Interestingly, since writing an entry on performance-enhancing drugs a few days ago, I’ve come across several articles on steroid use in several magazines that I subscribe to. (Must be a sign. Don’t worry, though: Starbucks remains my only performance-enhancer. It’s expensive enough as it is.)
The current issue of Sports Illustrated features a special report on steroid use in the U.S., and not necessarily just in the athletic arena. In “The Real Dope: It’s Not Just Sports,” Jack McCallum notes (as Lisa Takeuchi Cullen does in her Time article) that “the culture of personal physical enhancement has pushed the use of steroids and HGH everywhere” (p. 28). One quote was particularly disturbing to me–largely because I think there’s some truth to it:
[Performance-enhancing drug] use is entirely American, that search for an edge, that effort to be all you can be, that willingness to push the envelope (p. 36)
In the latest issue of Esquire, Craig Davidson chronicles his firsthand experiences taking steroids–just to see what it’s like. Call it investigative journalism or just plain desperation for a good story, but his account is equal parts disturbing and engrossing. (Kinda like watching Morgan Spurlock gorge himself on McDonald’s fare in Supersize Me.) In any case, it provides an entry into a world that even I admit I’ve been curious about ever since seeing those ads for building muscle in the back of my dad’s old comic books.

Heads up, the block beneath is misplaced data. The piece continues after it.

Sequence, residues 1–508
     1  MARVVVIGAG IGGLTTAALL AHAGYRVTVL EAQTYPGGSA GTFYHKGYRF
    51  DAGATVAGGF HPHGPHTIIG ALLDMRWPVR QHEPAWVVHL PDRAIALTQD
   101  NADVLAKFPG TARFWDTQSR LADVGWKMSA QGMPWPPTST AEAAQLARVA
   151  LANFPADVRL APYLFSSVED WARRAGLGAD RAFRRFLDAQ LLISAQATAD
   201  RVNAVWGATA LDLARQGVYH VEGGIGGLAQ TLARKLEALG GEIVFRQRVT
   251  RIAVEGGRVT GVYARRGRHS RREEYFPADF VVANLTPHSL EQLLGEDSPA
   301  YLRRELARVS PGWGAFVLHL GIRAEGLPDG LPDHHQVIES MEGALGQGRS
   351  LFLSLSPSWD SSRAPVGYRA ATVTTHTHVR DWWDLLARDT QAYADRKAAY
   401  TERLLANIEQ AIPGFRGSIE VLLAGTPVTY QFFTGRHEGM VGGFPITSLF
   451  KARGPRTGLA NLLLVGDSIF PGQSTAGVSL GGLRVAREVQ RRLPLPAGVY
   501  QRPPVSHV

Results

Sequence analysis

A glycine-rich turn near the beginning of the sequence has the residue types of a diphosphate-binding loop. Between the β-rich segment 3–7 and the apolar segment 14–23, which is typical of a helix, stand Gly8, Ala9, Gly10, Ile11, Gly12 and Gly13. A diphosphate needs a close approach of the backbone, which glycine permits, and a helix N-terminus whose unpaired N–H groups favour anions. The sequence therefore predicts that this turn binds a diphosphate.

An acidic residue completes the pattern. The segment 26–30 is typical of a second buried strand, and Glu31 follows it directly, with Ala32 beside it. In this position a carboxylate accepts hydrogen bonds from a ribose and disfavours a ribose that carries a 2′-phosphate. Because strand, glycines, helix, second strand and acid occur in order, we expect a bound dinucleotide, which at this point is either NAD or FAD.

So all of this has got me thinking some more about the whole notion of performance enhancement and the cultural pressure in American society for perfection as the minimum standard of performance. After all, I believe, as I think many people do, that being the best is and should be the only standard of performance. I think my fellow overachievers will relate.
But as a nation, I can’t help but wonder if we’ve pushed ourselves too far. It might be the ultraliberal hippie in me, but I also wonder at what expense we’re striving to be the biggest and best. We’re obsessed with everything big and bulky: We like our vehicles gargantuan, we like our fast food supersized, and we want our homes by the thousands of square feet. Especially as performance-enhancing drugs become more and more mainstream in the news (and regardless of where you stand on it legally or morally), I can’t help but think that we’re teaching our kids that it’s okay to do whatever it takes to get the edge, as long as winning is the end product.